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How to Keep Your Cool During Holiday Air Travel

Tips and tricks for staying calm during the busy season

spinner image two travelers looking at a tablet while sitting at an airport lounge
Pack patience and plenty of entertainment options when traveling over the holidays.
Getty Images

We’ve all been there. You arrive at the airport feeling joyful about going on a trip, but as soon as you spot the long lines, your blood pressure rises. With every phase of the trip, you become more agitated. And traveling during the holidays means double the crowds — which can double the stress.

But it doesn’t have to be this way. A little planning and mindfulness can help you stay calm on your journey.

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Before you arrive at the airport

“Be patient and be prepared for potentially long waits,” says Kristy Tolley, editor of The Points Guy, a travel advice website. “If you manage your expectations ahead of time, you can avoid becoming frustrated and short-tempered.”

Tolley also suggests booking the earliest possible flight of the day (which minimizes the risk of delays) and arriving at the airport extra early. That allows you to walk at your own pace, which is helpful because rushing can increase stress. More time also means more opportunities to enjoy some of the conveniences along the way such as massage chairs and yoga rooms.

spinner image a long line of travelers at the airport with a Christmas tree in the forefront
More travelers can mean longer lines at security checkpoints in the airport. 
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At the airport

To avoid lines at check-in for domestic travel, recommends Lisa Kulpa, cofounder of the Basic Travel Couple blog and a flight attendant for a major airline, download the airline app and use it to check in. Then use the kiosks to print baggage tags and drop off your bags.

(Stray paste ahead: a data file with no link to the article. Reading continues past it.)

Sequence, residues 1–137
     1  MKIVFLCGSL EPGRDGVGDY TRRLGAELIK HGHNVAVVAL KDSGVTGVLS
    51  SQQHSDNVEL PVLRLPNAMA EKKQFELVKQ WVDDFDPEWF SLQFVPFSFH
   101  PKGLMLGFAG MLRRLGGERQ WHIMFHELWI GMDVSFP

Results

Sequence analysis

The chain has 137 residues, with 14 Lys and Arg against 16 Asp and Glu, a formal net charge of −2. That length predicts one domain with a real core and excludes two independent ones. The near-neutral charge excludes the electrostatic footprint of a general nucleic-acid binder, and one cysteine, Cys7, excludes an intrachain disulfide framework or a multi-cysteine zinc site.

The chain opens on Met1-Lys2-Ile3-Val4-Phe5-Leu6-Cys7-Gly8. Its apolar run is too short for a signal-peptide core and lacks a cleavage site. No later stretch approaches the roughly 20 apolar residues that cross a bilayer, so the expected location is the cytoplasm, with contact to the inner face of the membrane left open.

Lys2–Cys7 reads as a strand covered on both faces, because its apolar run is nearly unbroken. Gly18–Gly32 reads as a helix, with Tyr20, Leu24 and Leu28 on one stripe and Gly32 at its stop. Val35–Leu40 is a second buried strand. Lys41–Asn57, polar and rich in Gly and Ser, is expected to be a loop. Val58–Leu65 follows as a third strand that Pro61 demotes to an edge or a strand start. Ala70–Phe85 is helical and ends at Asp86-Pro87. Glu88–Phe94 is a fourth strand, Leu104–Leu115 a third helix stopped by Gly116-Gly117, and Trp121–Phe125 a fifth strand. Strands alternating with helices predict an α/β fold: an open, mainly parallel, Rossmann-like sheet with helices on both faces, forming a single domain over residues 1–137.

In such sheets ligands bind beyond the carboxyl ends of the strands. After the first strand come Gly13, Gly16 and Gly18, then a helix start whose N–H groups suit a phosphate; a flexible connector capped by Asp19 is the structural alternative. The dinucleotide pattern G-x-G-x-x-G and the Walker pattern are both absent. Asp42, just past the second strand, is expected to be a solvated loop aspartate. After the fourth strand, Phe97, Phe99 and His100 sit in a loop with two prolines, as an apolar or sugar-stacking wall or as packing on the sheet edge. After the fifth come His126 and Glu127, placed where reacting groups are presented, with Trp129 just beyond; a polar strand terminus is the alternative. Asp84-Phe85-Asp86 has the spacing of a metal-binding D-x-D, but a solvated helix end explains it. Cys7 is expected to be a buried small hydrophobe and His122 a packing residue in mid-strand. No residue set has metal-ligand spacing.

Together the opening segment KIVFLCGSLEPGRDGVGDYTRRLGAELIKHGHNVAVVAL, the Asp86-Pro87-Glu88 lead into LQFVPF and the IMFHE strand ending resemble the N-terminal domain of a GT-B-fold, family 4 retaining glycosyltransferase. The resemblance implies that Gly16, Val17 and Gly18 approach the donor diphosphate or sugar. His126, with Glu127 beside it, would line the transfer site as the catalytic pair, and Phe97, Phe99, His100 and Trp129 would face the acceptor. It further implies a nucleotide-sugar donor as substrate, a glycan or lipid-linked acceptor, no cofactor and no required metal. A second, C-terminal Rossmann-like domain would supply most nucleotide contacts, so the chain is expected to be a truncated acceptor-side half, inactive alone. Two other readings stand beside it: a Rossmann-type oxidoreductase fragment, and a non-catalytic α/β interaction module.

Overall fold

For travelers who can afford it, TSA PreCheck can substantially reduce the time you wait in security lines domestically, while Global Entry gets you VIP treatment at U.S. customs when returning from overseas — and some credit cards will reimburse you for some of the fees.

Jackie Vernon-Thompson, an etiquette expert, advises travelers to keep the lines moving by having whatever you need to execute a transaction ready. “Have your ID in your hand. If you’re going to purchase something, have your credit card ready to swipe.”

And if the person on the other side of the counter is less than friendly, it helps to remember that the people working have many responsibilities and may have to deal with rude customers, Tolley says.

Vernon-Thompson advises leading with kindness. If you approach harried employees with impatience, you’re only going to make the situation worse.

“If you want to be extra nice, especially around the holidays, bring them little treats,” Kulpa says. (One idea: pieces of chocolate.)

You might want to pack some of those treats for yourself too. Winter travel means winter storms, which could equal delays and cancellations, so be prepared. Pack lots of snacks and download entertainment, books, podcasts and music. If you’re delayed, you may want to walk through the terminal to get your steps in. Many studies show that walking can help decrease stress. If you don’t have space to walk or if you have mobility issues, stretching also can help relieve tension. In short, lean into the downtime rather than fighting it.

If activity doesn’t do the trick for you, Kulpa suggests using a meditation app.

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On the plane

Boarding the flight can also induce stress, so go with the flow. Board according to your zone, but if you don’t need to store anything in the overhead bin, Tolley recommends boarding last to reduce the time you’re on the plane.

Once on board, Vernon-Thompson says to remember that you’re going to be with your fellow passengers for the duration, and you don’t want to create a hostile space.

If someone does something that annoys you, try to ignore it (noise-canceling headphones go a long way) or speak to them politely in a calm tone.

“People may get in your space but try to make a friend instead of an enemy,” Kulpa says.

At baggage claim

Once you arrive at your destination, instead of stressing over when your bags will come down the chute, use the time to walk around and stretch your legs. In the event of a lost bag, Vernon-Thompson says to remember that the individual you’re reporting the lost luggage to didn’t lose your bag so don’t take your frustration out on them. Staying calm and being polite will not only reduce your stress but will likely get you better service.

Tolley recommends putting tracking devices in your checked bags so if they’re lost or delayed you can share the location with the airline.

The best tip for keeping cool during holiday travel is this: Focus on the destination, not the stressful parts of the journey.

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